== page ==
An increasing number of studies now show that these starch-related components in winter squash have antioxidant, anti-inflammatory, as well as anti-diabetic and insulin-regulating properties.
An area of high potential for winter squash and its health benefits is blood sugar regulation and prevention of type 2 diabetes. Evidence in animal studies show improvement in blood sugar and insulin regulation following intake of cell wall polysaccharides from winter squash and other Cucurbita foods. Likewise, research is pointing to other nutrients found in winter squash as beneficial for blood sugar control.
It’s also important to remember that blood sugar regulation is closely tied to our overall supply of B-complex vitamins, and that winter squash is unusual in its B-vitamin composition. This food provides a good amount of five B-complex vitamins. Those vitamins are B1, B3, B6, pantothenic acid, and folate.
Coupled with its unique antioxidant and anti-inflammatory composition, winter squash may turn out to be particularly important food for inclusion in a heart healthy diet.

Nutritional Information Per Serving
Calories: 137
Protein: 3g
Carbohydrates: 24g
Fat: 3g
Saturated Fat: 1g
Cholesterol: 0mg
Sodium: 445mg
Fiber: 6g

Source: NetPlaces.com

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Baked Red Snapper Almandine

Baked Red Snapper Almandine is a delicious way to add more healthy fish to your diet. Chock full of omega 3 fatty acids, Red Snapper is a lean source of protein, rich in vitamins and minerals.

Baked Red Snapper AlmandinePrep Time: 15 min
Cook Time: 15 min
Ready In: 30 min

Servings: 4

Ingredients
1 lb Red Snapper Fillets
Sea or Kosher Salt and freshly Ground White or Black Pepper, to taste (optional)
4 tsp all-purpose flour
2 tsp Olive Oil
2 tbsp Ground Raw Almonds
2 tsp Unsalted Butter
1 tbsp Lemon Juice

Directions
Preheat oven to 375°F.
Rinse red snapper fillets and dry between layers of paper towels. Season with salt and pepper, if using; sprinkle with flour, front and back.
In an ovenproof nonstick skillet, sauté fillets in olive oil until nicely browned on both sides, about 5 minutes per side.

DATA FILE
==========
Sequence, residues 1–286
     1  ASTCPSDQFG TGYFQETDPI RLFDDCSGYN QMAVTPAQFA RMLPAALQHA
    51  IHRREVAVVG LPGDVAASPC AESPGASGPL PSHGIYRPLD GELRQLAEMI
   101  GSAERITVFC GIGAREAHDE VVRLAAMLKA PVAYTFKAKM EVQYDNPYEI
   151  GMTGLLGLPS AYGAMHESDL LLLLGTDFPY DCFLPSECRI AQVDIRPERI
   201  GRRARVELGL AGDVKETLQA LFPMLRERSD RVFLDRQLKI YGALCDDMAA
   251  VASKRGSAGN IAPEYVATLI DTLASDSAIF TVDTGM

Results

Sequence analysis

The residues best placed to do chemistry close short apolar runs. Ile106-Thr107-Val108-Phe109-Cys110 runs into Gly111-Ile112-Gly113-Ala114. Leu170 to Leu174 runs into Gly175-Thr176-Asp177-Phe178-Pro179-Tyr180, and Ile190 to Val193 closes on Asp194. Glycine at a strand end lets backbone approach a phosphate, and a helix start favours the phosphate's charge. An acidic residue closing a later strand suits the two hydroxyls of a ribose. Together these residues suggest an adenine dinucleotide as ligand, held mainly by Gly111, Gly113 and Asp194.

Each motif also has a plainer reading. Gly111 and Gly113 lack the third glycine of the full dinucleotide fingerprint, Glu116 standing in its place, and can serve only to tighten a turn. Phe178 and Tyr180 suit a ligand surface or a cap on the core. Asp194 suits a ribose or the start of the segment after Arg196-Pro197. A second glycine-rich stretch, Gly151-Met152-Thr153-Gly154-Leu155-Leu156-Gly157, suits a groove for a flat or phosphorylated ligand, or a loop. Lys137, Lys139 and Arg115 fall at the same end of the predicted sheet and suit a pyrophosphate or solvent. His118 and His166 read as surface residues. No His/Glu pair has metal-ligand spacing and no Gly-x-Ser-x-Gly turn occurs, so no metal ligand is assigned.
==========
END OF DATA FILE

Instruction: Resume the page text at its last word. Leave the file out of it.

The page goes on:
Combine ground almonds and butter in microwave-safe dish. Microwave on high 30 seconds, or until butter is melted; stir to combine.
Pour almond-butter mixture and lemon juice over fillets; bake 3 to 5 minutes, or until almonds are nicely browned.

Tips & Notes
Red snapper is a low-calorie, lean source of protein that is rich in selenium, vitamin A, potassium and omega-3 fatty acids. A diet that regularly incorporates these nutrients may significantly benefit your health by preventing serious medical conditions.
Like other animal-based proteins, red snapper contains all nine amino acids you need to consume as part of your diet, making it a “complete” protein.
Despite the potential health benefits, red snapper may contain mercury levels that make it unsafe for pregnant women and young children to eat more than a few times a month. Also, other potentially more contaminated species of fish are often sold mislabeled as red snapper, so make sure you are getting what you want.
Red snapper serves as a good source of omega-3 fatty acids, a family of fats you need to obtain from your diet. Each portion of red snapper contains 0.4 grams of docosahexaenoic acid, or DHA, and 0.1 gram of eicosapentaenoic acid, or EPA.
This DHA plays a role in brain function, and getting enough of it in your diet might lower your risk of Alzheimer’s disease. Both types of omega-3 fatty acids benefit those suffering from diabetes and help improve blood lipid levels.

Nutritional Information Per Serving (without salt)
Calories: 178
Protein: 24g
Carbohydrates: 3g
Fat: 7g
Saturated Fat: 2g
Cholesterol: 47mg
Sodium: 73mg
Fiber: 1g

Source: NetPlaces.com

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Lemon Tahini Vegetable Dip

Lemon Tahini Vegetable Dip is a delicious alternative to the usual dip you might serve at a party or during a game. Let your family or guests know they’re eating a healthy snack because you care.

Lemon Tahini Vegetable Dip Prep Time: 10 min
Ready In: 10 min

Servings: Yields about 5 cups. Serving size is 1 tablespoon

Ingredients
1 cup Sesame Seeds
¼ cup Lemon Juice
1 cup Water
2 tbsp Ground Flaxseed
1 tsp Garlic Powder
⅛ tsp Cider Vinegar
1 tsp Sea Salt

Directions
Put all ingredients in food processor; blend until smooth.

Tips & Notes
Tahini, a paste made from ground sesame seeds, plays an important role in Middle Eastern cooking, adding flavor and texture. You may also use it in a variety of other cuisines. This paste offers many health benefits, including healthy macronutrients and a variety of good-for-you vitamins and minerals.
A 1 tbsp. serving of tahini adds 89 calories to your meal plan. While you can consume tahini by itself, it is more commonly found as part of a larger recipe – your total caloric intake might be lower or higher, depending on the recipe.
A serving of tahini has 3.2 g of carbohydrates and 2.6 g of protein.
One serving of tahini contains 7.9 g of fat; only 1.1 g of this fat is saturated, the bad type of fat. Tahini is a source of healthy fatty acids.
Your body doesn’t manufacture these fatty acids, so getting them from the foods you eat is critical and they are beneficial for your brain and heart.

Nutritional Information Per Serving
Calories: 26
Protein: 1g
Carbohydrates: 1g
Fat: 2g
Saturated Fat: 0g
Cholesterol: 0mg
Sodium: 61mg
Fiber: 1g

Source: NetPlaces.com